Welcome to NerdWallet’s Smart Money podcast, where we answer your real-world money questions.
This week’s episode starts with a discussion about the benefits of being boring with your money.
Then we pivot to this week’s money question from Becky, who sent us an email:
“I was wondering if you could discuss wills and trusts on your podcast? For some background info on myself: I’m married, late 40s, both myself and spouse are in good health, one minor child, one adult child. We have no major debt. The house is 75% paid off. We have life insurance and retirement accounts. What are the benefits of having a will, and what are the things I should be looking for?
Check out this episode on either of these platforms:
Being boring with your money management can give you more opportunities to live your life — and avoid potential financial mistakes. Unless you’re a complete money nerd, chances are that taking care of money tasks can feel like a chore. The more complicated your finances, the more time you may have to spend tending to ongoing maintenance of various accounts. With more streamlined finances, you could have more free time to enjoy the activities you love. At the same time, a “set it and forget it” approach to things like investing can save you from trying to time the market and potentially losing money.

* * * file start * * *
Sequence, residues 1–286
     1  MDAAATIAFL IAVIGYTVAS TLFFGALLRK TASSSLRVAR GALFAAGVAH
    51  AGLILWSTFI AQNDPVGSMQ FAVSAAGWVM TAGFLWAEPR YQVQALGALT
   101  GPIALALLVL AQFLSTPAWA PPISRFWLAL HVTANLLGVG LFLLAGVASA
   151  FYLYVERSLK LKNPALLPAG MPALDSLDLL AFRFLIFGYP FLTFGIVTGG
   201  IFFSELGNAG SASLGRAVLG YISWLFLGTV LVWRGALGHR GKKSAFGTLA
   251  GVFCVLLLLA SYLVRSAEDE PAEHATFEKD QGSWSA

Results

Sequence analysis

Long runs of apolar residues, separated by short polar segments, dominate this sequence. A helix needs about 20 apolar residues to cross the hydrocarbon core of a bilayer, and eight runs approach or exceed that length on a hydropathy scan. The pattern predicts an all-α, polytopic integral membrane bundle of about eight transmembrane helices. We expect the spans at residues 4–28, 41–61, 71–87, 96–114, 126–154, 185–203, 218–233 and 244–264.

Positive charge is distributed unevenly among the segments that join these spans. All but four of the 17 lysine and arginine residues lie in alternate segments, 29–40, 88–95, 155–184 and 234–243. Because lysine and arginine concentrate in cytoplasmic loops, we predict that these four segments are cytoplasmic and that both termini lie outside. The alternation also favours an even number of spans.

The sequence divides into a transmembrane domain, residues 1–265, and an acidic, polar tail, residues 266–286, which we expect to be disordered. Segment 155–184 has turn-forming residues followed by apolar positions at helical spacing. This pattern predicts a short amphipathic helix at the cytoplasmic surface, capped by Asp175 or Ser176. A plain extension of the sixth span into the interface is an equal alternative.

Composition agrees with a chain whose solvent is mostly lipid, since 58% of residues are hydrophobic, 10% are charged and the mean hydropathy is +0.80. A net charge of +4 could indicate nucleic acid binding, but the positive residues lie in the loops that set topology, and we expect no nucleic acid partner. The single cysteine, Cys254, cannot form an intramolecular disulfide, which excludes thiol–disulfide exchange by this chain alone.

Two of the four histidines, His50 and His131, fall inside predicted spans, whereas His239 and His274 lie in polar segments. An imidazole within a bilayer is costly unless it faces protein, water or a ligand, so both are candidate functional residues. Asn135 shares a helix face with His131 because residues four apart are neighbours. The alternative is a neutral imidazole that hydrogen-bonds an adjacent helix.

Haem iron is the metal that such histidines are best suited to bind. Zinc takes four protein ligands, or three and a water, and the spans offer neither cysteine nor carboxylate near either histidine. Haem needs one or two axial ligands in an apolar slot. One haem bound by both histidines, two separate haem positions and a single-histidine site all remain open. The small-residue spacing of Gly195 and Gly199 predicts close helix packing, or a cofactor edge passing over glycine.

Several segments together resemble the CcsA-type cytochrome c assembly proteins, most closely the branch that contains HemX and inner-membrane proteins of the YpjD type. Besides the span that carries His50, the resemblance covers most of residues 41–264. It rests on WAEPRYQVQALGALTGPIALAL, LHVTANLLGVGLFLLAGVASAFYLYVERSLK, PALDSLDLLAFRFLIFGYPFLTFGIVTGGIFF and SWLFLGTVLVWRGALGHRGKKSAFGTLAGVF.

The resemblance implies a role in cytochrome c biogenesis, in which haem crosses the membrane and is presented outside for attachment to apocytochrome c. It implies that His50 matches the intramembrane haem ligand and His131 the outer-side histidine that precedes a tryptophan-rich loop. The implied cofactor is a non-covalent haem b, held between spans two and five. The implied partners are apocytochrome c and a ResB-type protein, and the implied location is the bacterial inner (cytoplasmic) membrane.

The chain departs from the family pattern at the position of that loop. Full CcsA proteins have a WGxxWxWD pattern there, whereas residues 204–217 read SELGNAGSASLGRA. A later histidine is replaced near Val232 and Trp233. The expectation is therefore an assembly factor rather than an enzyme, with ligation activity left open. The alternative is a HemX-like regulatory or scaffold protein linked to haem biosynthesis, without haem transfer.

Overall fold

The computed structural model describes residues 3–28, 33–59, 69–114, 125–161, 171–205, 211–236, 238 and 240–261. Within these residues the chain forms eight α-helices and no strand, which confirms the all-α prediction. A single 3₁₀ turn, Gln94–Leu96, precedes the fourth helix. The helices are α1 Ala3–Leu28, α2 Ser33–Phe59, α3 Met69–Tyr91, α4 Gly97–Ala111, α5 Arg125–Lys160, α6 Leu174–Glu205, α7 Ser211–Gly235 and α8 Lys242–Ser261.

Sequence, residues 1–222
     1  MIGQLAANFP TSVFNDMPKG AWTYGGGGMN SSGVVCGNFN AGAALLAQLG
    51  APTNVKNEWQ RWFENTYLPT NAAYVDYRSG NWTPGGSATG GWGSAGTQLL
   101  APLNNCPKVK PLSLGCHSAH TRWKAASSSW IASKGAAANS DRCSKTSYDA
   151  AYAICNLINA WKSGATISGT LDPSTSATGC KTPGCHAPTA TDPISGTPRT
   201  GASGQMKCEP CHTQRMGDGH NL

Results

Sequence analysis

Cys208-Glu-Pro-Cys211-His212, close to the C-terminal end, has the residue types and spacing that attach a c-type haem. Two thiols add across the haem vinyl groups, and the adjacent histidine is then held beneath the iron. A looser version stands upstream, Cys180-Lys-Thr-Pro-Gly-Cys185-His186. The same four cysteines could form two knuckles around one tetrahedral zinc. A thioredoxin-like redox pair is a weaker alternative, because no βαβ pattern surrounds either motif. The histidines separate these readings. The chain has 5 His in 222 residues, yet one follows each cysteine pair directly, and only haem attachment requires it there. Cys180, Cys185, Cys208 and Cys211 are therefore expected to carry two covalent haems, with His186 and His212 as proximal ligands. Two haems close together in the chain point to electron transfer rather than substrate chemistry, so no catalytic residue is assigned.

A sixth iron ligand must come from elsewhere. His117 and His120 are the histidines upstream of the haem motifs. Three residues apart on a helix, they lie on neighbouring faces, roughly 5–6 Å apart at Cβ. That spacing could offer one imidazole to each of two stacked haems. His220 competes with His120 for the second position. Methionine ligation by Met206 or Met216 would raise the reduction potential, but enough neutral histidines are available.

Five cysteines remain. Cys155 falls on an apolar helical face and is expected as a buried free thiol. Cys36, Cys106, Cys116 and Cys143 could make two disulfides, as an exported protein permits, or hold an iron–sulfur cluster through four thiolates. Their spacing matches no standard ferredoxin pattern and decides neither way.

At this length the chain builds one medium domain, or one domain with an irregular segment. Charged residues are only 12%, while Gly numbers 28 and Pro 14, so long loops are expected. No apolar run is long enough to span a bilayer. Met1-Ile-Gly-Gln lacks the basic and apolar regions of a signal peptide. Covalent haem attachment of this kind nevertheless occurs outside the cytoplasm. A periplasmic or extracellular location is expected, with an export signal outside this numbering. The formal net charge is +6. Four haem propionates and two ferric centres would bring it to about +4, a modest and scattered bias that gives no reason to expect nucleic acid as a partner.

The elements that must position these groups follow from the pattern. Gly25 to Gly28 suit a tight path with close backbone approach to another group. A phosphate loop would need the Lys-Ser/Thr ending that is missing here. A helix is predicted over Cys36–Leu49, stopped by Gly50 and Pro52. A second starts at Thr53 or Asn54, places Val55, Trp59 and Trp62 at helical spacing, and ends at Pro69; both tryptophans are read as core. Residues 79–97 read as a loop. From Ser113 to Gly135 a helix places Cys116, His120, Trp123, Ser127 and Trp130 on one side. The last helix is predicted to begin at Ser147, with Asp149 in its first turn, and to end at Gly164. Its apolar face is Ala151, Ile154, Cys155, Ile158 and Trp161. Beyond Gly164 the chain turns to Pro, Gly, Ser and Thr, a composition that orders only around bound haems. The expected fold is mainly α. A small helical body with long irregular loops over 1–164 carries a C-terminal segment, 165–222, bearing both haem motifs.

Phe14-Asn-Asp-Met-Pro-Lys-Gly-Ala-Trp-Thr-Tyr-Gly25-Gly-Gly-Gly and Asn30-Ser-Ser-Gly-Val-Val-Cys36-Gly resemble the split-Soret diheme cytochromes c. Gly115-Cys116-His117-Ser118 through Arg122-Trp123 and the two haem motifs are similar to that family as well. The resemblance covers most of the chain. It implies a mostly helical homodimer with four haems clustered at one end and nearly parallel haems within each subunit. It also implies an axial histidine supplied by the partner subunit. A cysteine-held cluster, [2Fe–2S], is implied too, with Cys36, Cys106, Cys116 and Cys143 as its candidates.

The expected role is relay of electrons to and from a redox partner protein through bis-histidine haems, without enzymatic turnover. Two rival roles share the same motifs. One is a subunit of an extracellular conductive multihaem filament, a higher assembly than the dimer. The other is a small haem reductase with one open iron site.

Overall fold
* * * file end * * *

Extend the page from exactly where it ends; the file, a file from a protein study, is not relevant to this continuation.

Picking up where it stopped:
If you’re thinking of setting up a will but haven’t already, the good news is that doing so can be simple and affordable. Many online services, like Nolo or Rocket Lawyer, can provide templates for wills. Sorting out your estate is important so that you don’t die “intestate,” a situation in which your estate is distributed according to your state’s laws, rather than your own wishes. Getting your will pinned down can also save your loved ones anguish and uncertainty after you pass.
But a will isn’t the only document you should set up to help you and your family. A living will and a power of attorney can help you have the quality of life that you want in the event you become incapacitated.
Take care of business: You need an estate plan, especially if you have minor children or care about who gets your stuff. In most states, you’ll want a will. In a few states, you should consider a living trust.